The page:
The decision whether to press charges lies in the hands of the Attorney General Avichai Mandelblit, who will likely take months to consider the evidence, maybe even a full year. Theoretically, Mandelblit could make up his mind much sooner, since the prosecution was involved in the police investigation from its inception, as it does in high profile cases – but this is unlikely for legal and political reasons alike.

If Mandelblit presses charges, the assumption is that Bibi’s coalition partners would resign, leading to early elections. But the common wisdom is that if Bibi senses an indictment coming he will call snap elections. Mandelblit won’t be able to announce his decision during a campaign – for fear of tipping the elections, and once Bibi wins, it will be politically difficult for the attorney general to press charges at all (if Netanyahu loses it won’t matter anyway). On the other hand, if the public pressure against Bibi intensifies, things might move faster.

Personally, I don’t see how Mandelblit can avoid pressing charges without it being seen as a cover-up. A decision not to indict would almost certainly be challenged in the High Court, and it could doom the attorney general’s own aspirations (to serve on the Supreme Court, like many of his predecessors). Lest we forget, Netanyahu is tied (though not a formal suspect yet) to a couple more investigations, much broader in scope – Case 3000, dealing with attempts to influence contracts for the purchase of submarines from Germany (Bibi’s most intimate proxies – attorneys Shimron and Molcho – are the key figures here), and Case 4000, involving regulatory changes in favor of the telecom giant Bezeq. It’s simply too much.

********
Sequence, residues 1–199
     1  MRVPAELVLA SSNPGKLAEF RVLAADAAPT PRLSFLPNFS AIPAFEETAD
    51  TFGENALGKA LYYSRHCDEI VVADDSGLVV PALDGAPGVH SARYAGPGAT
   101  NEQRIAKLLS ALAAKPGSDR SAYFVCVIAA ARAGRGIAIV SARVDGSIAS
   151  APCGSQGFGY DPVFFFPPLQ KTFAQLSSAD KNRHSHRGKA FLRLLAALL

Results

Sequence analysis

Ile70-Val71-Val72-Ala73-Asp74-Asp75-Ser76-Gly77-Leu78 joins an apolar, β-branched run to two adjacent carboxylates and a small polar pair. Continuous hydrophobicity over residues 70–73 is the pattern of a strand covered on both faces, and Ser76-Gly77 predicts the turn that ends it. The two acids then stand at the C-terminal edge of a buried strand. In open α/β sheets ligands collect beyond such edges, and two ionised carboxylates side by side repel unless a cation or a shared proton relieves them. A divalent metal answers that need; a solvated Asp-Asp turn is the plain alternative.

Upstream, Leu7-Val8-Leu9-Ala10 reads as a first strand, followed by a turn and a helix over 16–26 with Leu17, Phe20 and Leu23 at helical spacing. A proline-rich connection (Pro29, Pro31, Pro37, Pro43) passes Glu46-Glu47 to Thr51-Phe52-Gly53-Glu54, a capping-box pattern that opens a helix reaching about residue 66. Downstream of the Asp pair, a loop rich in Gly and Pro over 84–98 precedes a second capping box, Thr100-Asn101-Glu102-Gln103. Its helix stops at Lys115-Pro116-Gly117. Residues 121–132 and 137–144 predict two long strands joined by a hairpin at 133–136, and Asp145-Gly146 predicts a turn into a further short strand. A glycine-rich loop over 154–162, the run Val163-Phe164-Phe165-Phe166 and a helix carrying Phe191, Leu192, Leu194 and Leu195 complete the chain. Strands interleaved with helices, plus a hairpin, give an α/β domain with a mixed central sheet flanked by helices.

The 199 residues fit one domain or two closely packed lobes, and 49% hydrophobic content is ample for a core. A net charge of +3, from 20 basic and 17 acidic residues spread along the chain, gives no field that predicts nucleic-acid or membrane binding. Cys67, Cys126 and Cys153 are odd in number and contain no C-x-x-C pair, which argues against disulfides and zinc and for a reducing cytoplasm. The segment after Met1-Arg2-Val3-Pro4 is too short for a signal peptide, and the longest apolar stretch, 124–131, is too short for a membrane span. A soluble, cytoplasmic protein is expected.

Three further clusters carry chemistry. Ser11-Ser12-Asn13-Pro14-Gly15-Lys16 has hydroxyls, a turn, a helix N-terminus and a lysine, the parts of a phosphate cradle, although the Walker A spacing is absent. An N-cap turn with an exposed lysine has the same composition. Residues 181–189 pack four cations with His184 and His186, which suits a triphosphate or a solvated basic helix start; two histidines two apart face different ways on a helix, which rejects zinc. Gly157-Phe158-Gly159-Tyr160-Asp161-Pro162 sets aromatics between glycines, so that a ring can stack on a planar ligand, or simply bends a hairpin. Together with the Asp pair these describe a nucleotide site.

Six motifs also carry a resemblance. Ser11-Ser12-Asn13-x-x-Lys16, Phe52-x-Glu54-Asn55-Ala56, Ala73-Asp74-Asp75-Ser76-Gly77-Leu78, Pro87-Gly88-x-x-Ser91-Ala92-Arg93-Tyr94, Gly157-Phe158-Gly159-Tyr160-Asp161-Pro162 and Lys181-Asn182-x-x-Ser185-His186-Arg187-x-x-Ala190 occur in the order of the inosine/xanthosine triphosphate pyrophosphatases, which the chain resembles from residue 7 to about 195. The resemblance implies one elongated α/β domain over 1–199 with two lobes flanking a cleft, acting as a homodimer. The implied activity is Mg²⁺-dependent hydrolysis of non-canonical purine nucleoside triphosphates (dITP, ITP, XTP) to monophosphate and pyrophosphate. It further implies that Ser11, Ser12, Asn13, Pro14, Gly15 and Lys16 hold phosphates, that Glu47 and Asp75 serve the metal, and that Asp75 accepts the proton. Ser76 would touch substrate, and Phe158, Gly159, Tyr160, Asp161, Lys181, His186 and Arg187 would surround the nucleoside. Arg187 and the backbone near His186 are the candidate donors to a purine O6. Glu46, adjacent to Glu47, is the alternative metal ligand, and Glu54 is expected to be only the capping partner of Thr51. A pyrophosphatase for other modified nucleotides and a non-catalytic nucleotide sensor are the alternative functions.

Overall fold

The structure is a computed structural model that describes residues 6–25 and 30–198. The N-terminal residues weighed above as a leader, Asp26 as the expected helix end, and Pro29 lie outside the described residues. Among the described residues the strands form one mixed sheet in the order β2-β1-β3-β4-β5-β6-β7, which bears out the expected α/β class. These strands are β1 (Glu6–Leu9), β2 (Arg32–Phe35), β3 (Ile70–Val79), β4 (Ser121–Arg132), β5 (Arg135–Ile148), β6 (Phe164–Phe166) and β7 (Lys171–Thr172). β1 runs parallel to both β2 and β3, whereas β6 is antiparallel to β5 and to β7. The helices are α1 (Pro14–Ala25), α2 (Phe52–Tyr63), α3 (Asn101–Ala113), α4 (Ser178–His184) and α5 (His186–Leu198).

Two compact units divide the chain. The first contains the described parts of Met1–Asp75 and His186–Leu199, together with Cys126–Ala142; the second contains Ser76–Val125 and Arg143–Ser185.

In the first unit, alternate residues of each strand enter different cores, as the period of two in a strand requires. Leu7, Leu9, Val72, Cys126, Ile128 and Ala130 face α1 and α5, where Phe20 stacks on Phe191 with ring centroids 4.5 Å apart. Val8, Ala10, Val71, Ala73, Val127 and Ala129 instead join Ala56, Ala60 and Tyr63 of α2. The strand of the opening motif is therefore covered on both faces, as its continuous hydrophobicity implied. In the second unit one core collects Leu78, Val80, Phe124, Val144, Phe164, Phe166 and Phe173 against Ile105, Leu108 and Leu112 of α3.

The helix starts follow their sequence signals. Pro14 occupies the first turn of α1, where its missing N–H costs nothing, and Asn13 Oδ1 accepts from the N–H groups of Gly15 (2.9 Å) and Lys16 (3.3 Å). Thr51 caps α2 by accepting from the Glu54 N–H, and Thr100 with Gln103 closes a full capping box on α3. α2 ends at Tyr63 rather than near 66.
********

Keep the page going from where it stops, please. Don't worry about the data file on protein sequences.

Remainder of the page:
Mandelblit wants to avoid being seen as the man who took down a popular prime minister. He would much rather let the political process work, hoping that Bibi’s coalition falls apart or that he loses an election before he is forced to make a final decision about whether to indict. That way, Mandelblit would end up prosecuting Netanyahu as a private citizen. But judging from Netanyahu’s appearance yesterday, that scenario is unlikely: Bibi will do all he can to keep his coalition together for the time being.

The key for Netanyahu’s strategy is his popularity on the right. As long as he maintains high approval ratings among his base, none of his rivals from the right will come out against him, out of fear of political revenge from his supporters.

Which leads us to the broader implications of the recent developments: since Netanyahu’s survival now depends on his most loyal base, he is likely to move even further to the right politically – both with regards to the Israeli culture war, and on the Palestinian issue. These are going to be rocky years ahead.